If you are wondering why recently that access to some of the internet’s largest websites was not available, it was due to to the fact that an essential component of the web browsing, DNS, was under attack by a massive botnet.
DNS (Domain Name Servers) are equivalent to home utilities; no one appreciates them, and they are expected to work around the clock with mass chaos ensuing when they do not, which is exactly what happened on October 21. Functioning as the internet’s phone book, DNS systems allow users to navigate to websites by translating IP addresses to something human readable, the domain name.
The DDoS attack on Dyn, a DNS provider, rendered access to thousands of sites such as Spotify, Reddit, PayPal, Amazon, PSN, impossible or very limited. The attack was reported to occur in three waves: the first wave hitting the US east coast, the second wave hitting the US west coast but reports of internet outage as far as Australia were reported, and the third wave coming from tens of millions of IP addresses simultaneously,. Hackers were able to gain unauthorized access to millions of internet-connected devices such as cameras, refrigerators, toaster ovens, and much more, and then use them to grind DNS servers to a halt.
Like blockchain technology has been able to do so many times in the past,, significantly lowering the amount of internet censorship that occurs such as in China, North Korea, and Russia. Not only that, blockchain technology could reduce access times as well as increase reliability of a DNS system, proving to be more resilient when the next barrage of DDoS attacks surface. and is looking to be the answer to the internet’s fragile state of security.
Built on the Ethereum platform, Nebulis is looking to build a more secure domain system, which also aims to replace the HTTP protocol and geographical IP addresses all in one fell swoop. Utilizing a federated file system, the organization would go from more generic clusters to more specific domains. For example, http://www.google.com would look like “ipfs://home.google.”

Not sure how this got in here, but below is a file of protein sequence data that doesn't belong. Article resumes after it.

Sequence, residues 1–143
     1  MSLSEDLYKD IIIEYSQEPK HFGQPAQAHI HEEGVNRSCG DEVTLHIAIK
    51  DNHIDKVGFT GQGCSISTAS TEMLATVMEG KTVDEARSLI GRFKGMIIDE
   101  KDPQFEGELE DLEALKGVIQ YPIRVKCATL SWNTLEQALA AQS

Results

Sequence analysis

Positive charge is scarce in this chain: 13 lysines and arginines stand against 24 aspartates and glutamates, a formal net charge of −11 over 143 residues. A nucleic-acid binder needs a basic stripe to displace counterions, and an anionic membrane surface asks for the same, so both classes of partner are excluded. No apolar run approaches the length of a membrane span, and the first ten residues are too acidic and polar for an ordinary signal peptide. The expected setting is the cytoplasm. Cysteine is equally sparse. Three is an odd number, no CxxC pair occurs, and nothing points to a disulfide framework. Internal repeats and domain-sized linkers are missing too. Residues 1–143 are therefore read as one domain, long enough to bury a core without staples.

The decentralized nature of a blockchain where all users download and maintain a ledger of all transactions further reduces the ability for a similar attack on DNS to work when using the Nebulis.
Traditionally, DNS requests are routed to the server that is physically closest to you or accessing a cache on your machine. If the hacks were all routed to the same server, the effects would have been much more devastating. “Poisoning” the caches is the way that hackers can restrict access to parts of the internet.
Not only would poisoning the cache be a lot more unrealistic if everyone maintained a record of it, reads of these caches are free and instant on the Ethereum blockchain, allowing Nebulis to be a much more efficient solution to DNS under high-traffic situations.
The Nebulis project currently has six people on board, with the publishing of smart contracts to occur by early November. They will also be competing in Ether Camp this year, allowing us to see how much they have progressed since then.